Hot sauce ice cream: Cold sweat

Spicy, sweet, savory and intense -- ice cream is Sriracha's newest calling

Published July 13, 2010 1:01AM (EDT)

I think everyone who's into food gets into Sriracha at some point or another: it's got heat, tang and texture. After we come across it in noodle shops and more advanced eaters' pantries, we track it down: We judge our supermarkets based on whether they carry it (and its little sister, the chile-garlic sauce with the matching rooster on the bottle), we go looking for the big bottle in Asian markets, and we start squirting it on hot dogs, boiled peanuts, tuna salad and breakfast eggs. Once on a rafting trip in the Grand Canyon, a river guide disappeared into his boat and returned with rooster sauce -- it was right then that I decided I'd (literally) follow him off whatever (literal) cliff he suggested.

Sriracha was an Ingredient of the Year in both Bon Appetit and Saveur last year, but for my part I'd had this idea during, I think, Season 3 of "Top Chef." Faced with an ice cream challenge not unlike this one, Casey folded Sriracha into vanilla ice cream. "All the chefs I know put Sriracha on everything," she told guest judge Govind Armstrong, who agreed with the premise but puckered his face at the ice cream. It wasn't Casey's fault, though: Cold Stone Creamery sponsored the challenge, so she couldn't make it right. Freed from any such constraints, I can. When I told them what I'd done, my friends and family agreed: As soon as I got an ice cream maker, it was bound to happen.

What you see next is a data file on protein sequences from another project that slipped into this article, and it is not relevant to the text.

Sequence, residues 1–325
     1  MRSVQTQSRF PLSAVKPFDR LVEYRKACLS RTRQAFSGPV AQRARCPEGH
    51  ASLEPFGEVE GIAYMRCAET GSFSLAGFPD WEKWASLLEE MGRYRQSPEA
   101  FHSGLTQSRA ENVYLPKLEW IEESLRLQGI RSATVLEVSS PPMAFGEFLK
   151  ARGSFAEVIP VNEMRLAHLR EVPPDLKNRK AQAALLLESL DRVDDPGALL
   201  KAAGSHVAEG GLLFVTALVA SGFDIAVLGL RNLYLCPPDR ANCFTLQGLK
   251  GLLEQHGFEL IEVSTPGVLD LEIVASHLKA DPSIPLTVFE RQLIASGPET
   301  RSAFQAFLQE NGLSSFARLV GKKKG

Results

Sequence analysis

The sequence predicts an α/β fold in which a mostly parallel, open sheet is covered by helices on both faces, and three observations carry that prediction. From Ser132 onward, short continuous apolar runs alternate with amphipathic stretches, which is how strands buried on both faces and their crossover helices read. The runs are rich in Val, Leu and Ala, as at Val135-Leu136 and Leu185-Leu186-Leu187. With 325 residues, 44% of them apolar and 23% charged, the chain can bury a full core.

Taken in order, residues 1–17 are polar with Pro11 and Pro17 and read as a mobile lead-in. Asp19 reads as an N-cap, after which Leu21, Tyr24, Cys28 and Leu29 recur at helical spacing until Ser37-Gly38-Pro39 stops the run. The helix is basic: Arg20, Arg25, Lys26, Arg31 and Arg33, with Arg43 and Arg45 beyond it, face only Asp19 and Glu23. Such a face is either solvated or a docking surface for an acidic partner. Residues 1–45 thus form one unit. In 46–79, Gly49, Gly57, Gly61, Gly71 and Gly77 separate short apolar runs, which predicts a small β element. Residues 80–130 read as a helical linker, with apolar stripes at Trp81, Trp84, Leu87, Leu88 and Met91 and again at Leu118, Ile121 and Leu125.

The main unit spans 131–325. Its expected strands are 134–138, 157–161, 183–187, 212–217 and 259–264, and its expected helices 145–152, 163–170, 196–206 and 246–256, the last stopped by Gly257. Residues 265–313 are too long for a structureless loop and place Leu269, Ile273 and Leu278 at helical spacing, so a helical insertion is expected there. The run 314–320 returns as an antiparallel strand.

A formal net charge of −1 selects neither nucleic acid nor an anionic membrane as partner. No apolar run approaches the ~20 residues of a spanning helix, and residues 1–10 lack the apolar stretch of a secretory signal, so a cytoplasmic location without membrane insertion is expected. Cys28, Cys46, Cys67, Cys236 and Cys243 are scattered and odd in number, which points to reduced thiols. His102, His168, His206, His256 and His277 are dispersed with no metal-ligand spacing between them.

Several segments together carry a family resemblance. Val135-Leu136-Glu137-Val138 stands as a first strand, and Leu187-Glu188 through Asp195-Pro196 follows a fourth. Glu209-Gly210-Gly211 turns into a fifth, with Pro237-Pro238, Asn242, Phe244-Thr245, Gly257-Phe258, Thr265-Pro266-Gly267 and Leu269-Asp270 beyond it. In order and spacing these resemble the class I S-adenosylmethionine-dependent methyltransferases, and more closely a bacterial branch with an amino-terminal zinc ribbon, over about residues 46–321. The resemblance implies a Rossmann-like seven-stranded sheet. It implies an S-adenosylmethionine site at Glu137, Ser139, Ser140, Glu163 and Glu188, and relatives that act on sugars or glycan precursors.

Sriracha ice cream is intense: It's so spicy and tangy that your mouth wants something cold and creamy to cool it down. What you have: more Sriracha ice cream. Thus, an addiction is born.

I put it on sweet potato and pecan pies, or I eat it too fast, standing in front of the freezer.

Sriracha ice cream


  • ¼ cup sriracha (This makes for a very spicy, savory ice cream. Use less if desired.)
  • ½ cup sugar
  • ½ pint whole milk
  • 5 egg yolks
  • 1 teaspoon vanilla
  • ½ pint heavy whipping cream


  1. Slowly heat the first 5 ingredients in a double boiler until they reach a custard-like consistency at about 175 degrees Fahrenheit. Remove from the heat, whisk in cream and vanilla, and cool completely in the refrigerator. Transfer mixture to the bowl of your ice cream maker and take it for a spin for about 20 minutes or until it looks like, well, soft-serve ice cream. If you like, you can eat it now, or chill it in the freezer for a few more hours to harden.

By Jacob Leland

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